Without measurement nothing can be mapped or assessed. Timelines are what differentiate an intention from a mere wish. A timeline demonstrates that you are serious about what you intend to do. Timelines are critical.
Once you have done the analysis of your own life history and put your life in perspective, then you ask yourself, “What now? What are the opportunities available to me today? What are the opportunities that are likely to become available in the near or mid-term future? What do I need to do in order to prepare myself to take advantage of the opportunities?”

Freedom of Expression or Freedom to Blaspheme?


Freedom of expression must not be confused with freedom from the consequences of expression. Exercising freedom and abusing it are not the same. The latter forfeits the former. Just because we are free to express ourselves, it doesn’t free us from the responsibility for what we express. We are responsible for what we say and do and for the consequences thereof and so must consider carefully what we want to express. This is the basis of what we call civilized socially responsible behavior.
Once again we have an attack on the Prophet Muhammad (Peace be upon him) on whom it seems to be open season all the year round for people to take pot shots. And then cry foul when those who love him get upset. The rule seems to be, ‘I will say or do whatever I want but you must not get offended.’ Another rule, ‘Prove your maturity and culture by not being offended by insults.’
Seems strange indeed to us who are brought up in a culture where honor is not just important, it is everything. Respect for our signs and symbols is what our sense of honor is based on. And there is no symbol of our honor other than Allah Himself, that is more important than the Prophet (Peace be on him). So if someone insults him, it is very natural for a Muslim to feel sad and very mad. The claim of those who make these attacks is, ‘But we are not offended when someone blasphemes against Jesus or Moses. So how can you be offended when we insult Mohammed (Peace be on them all)?’ That is like saying, ‘I am not offended if you curse my parents and so you should also not be offended if I curse your parents.’
Our response is of course, ‘We have never cursed your parents in the first place. And secondly if you are not offended if someone curses your parents it is a sign that you are lacking in a sense of honor. That you are shameless. How can you demand that we also become shameless?’ For the record, find me a film made by a Muslim which abuses Jesus or Moses? You won’t find it because we revere them as prophets of Allah. So when Muslims have not done anything to abuse Christianity or Judaism, why should they be subjected to abuse from Christians and Jews (the people who allegedly made this ridiculous film) and be compelled to accept it?
I am not for a moment justifying or countenancing the violent protests and the unfortunate killing of innocent people. I have already spoken against that on several occasions since it happened. However I am writing this to request all responsible people to seriously wake up and start asking some pointed questions. One of which should be, ‘What was the need for this film in the first place? What is wrong with letting people believe whatever they want? What is wrong with leaving people alone with their religions – which is a basic human right?’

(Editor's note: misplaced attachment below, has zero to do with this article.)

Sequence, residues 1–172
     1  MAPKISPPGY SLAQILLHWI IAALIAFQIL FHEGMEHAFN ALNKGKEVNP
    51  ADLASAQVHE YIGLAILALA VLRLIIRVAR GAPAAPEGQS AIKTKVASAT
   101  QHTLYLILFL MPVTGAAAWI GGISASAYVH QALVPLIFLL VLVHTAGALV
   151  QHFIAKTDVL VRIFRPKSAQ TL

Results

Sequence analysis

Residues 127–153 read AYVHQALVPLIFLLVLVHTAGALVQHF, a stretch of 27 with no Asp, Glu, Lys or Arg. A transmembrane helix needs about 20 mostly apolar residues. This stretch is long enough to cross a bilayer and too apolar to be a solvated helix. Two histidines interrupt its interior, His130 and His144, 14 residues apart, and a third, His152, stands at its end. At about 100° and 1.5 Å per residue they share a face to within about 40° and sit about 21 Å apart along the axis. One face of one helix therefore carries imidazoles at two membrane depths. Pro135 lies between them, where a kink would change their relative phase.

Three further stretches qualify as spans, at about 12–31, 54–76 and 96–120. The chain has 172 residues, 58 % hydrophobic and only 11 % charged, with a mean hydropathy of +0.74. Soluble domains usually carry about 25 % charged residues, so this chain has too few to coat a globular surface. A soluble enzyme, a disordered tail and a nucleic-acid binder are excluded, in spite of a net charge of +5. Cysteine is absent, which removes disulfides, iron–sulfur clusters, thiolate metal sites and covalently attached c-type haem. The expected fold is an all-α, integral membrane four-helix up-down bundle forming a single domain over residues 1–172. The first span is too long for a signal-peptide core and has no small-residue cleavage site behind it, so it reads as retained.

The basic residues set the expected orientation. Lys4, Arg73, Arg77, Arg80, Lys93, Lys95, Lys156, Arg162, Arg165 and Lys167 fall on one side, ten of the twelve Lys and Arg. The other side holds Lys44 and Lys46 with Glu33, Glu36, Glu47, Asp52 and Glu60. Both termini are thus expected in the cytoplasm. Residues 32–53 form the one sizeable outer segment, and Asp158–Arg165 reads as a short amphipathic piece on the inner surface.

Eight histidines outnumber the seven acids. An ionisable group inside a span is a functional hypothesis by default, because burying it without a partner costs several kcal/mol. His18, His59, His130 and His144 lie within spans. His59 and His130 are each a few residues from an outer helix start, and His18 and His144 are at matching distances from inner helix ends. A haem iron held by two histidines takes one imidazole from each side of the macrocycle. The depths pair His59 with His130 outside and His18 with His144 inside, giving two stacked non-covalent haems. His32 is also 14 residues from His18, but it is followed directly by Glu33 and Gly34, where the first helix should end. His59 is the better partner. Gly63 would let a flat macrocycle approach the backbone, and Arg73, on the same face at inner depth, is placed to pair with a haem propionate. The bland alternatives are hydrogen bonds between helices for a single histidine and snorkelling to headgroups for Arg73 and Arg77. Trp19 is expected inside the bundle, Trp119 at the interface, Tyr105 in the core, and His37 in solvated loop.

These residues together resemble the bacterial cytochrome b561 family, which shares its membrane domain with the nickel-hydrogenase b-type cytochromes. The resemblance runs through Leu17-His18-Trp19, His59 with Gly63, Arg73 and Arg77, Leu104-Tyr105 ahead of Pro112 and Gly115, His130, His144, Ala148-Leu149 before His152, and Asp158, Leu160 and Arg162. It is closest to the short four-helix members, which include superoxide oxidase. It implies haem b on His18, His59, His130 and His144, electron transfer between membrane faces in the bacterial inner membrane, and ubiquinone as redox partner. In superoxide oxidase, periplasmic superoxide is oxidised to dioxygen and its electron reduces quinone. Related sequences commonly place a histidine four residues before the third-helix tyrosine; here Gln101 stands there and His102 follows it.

I was interested to read one of the comments of the learned viewers of the film who said, ‘In all their history, Muslims have contributed to the development of mankind less than a bunch of donkeys.’ What do you do with such ignorance? Another one demands that he will screen this film along with clips from other films which are insulting to Hindus, Christians and Jews and he demands that people must sit and watch all of them with equanimity. Isn’t that the strangest statement? For someone to make this insane demand is not considered insane. But when someone protests at this unprovoked attack on his honor, he is guilty of intolerance.

Why must people be forced to tolerate insults? Why must people be forced to sacrifice their honor just because those who have no honor want to exercise their fancy? Is this fair? Is anyone interested in justice anymore?
If we go by this logic then the right to safety and security must be balanced by the right to terrorize a population. The right to education must be balanced by the right to remain ignorant. The right to health must be balanced by the right to sickness. The right to marriage must be balanced by the right to rape and so on. Crazy, isn’t it? Just as crazy as the call that the right to freedom of religion must be balanced by the right to blaspheme any religion. These people want to impose the rule on us that if the followers of any religion want to practice their religion then they must be prepared to accept the fact that all that they hold holy and sacred will be blasphemed, insulted, degraded and desecrated by other people who don’t care about their feelings and they must accept this treatment without complaint.
Doesn’t that sound like a gross violation of human rights? It does, to me. Violence to human rights is not only physical violence. It is also violence that is psychological and mental. Ask any divorce lawyer who is suing on the basis of mental torture. This is an accepted principal in law. Freedom is defined as something that you are permitted to do as long as it does not violate someone else’s freedom; does not hurt someone else; does not harm anyone else. That is why the famous saying, “Your freedom ends where my nose begins.” If we define freedom as the unbridled right of someone to do whatever he or she wants irrespective of what harm this action or speech may do to someone else’s dignity, reputation, relationships or position, then we would have complete chaos and anarchy.